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Singapore urges tests for pregnant women with Zika signs
[SINGAPORE] Singapore urged all pregnant women showing symptoms of fever or rashes to have themselves tested for the Zika virus Wednesday after the number of cases in the city-state soared to 82.
The United States and Britain joined Australia and Taiwan in advising pregnant women to avoid non-essential travel to the city-state.
Environment agency workers stepped up efforts to eradicate mosquitoes that spread the disease, expanding a fumigation campaign centred on the "ground zero" of the outbreak, the eastern suburb of Aljunied.
As infections climbed, they blasted a district of warehouses and industrial buildings at Kallang way to destroy breeding sites that fuelled the outbreak, which began at a construction site housing foreign workers.
Another nearby area - Paya Lebar Way - was also smothered with mosquito-killing chemicals.
Five of the latest infections reported Tuesday were of people who live or work in those two areas.
Zika, which has been detected in 58 countries including hardest-hit Brazil, causes only mild symptoms for most people, such as fever and a rash.
But in pregnant women, it can cause microcephaly, a deformation in which babies are born with abnormally small brains and heads.
The health ministry said that "all pregnant women in Singapore with symptoms of Zika - fever and rash and other symptoms such as red eyes or joint pain" should be tested for infection.
Pregnant women with male partners who have been tested positive were also told to visit their doctors.
"We advise pregnant women to undertake strict precautions against mosquito bites and seek medical attention immediately if they become symptomatic," the ministry said in a statement late Tuesday.
Sulaiha Ngatiman, 30, who is seven months pregnant with her fifth child, told AFP Wednesday that she was "quite worried" as it was hard to spot Zika's symptoms.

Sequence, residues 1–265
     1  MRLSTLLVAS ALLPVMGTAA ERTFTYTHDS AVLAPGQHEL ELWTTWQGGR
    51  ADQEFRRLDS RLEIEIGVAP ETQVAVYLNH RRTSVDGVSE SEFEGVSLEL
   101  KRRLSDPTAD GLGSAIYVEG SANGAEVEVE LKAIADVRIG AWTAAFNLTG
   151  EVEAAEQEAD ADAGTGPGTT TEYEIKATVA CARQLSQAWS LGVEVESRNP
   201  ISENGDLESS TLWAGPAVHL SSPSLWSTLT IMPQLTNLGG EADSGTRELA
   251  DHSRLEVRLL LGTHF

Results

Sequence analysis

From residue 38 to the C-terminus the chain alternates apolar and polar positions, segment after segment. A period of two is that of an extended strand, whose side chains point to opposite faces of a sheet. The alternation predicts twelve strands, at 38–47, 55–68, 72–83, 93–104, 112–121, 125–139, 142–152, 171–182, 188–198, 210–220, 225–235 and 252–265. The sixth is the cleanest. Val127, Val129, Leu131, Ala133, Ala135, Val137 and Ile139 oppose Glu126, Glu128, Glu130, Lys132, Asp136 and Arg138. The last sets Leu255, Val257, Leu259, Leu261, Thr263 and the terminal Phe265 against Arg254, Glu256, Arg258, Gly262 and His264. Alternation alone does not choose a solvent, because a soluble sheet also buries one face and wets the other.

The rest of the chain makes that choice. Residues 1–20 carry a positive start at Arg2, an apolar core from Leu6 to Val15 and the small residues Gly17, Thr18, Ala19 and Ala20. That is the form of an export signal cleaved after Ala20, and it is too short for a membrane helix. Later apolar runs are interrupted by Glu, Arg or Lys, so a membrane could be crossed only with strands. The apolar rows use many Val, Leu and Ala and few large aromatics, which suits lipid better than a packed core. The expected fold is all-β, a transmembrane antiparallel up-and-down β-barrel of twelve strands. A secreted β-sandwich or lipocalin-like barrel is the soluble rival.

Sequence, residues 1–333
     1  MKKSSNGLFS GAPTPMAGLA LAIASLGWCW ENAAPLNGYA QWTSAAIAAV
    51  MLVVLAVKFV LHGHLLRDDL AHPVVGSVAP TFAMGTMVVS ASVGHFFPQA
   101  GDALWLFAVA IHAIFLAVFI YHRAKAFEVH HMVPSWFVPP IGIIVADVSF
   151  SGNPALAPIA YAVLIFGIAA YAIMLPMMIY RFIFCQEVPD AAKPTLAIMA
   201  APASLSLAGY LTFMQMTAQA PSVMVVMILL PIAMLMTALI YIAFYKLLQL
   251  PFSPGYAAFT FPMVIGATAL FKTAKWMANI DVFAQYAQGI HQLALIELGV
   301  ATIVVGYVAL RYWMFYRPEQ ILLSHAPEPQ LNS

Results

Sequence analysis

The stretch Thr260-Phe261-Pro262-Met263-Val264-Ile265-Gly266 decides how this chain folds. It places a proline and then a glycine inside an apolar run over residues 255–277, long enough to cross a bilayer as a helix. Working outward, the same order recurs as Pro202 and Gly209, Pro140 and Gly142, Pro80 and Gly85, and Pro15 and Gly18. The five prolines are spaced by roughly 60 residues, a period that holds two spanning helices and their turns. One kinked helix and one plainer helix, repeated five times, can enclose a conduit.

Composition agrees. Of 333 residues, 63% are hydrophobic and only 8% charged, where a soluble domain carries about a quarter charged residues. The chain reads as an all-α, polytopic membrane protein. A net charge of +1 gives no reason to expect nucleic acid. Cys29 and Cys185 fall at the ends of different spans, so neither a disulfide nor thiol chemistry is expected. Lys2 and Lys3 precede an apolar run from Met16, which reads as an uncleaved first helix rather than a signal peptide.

"I'm going to the doctor tomorrow to get a check up just to make sure I don't have Zika," said Sulaiha, who lives in Aljunied.
Construction workers in the affected areas have been given mosquito-repellent patches, chewable Vitamin C tablets and removable sleeves to cover their arms.
Authorities have also deployed "gravitraps" - devices which attract pregnant mosquitos and trap their larvae.
Since Singapore reported its first locally transmitted Zika infection on Saturday, confirmed cases have climbed quickly as authorities ramped up testing, with 82 infections detected by late Tuesday.
Despite being one of Asia's cleanest cities with high health care standards, Singapore is a densely populated tropical island with heavy rainfall.
It has a chronic problem with dengue fever, which is spread by the same Aedes mosquito that carries the Zika virus. Mosquitoes breed in stagnant water that collects in construction sites, open space and homes.
Singapore's first reported case of Zika in May involved a man who had visited Sao Paulo in Brazil earlier in the year.
Neighbouring countries such as Malaysia, Indonesia and the Philippines have said they will monitor visitor arrivals from Singapore.
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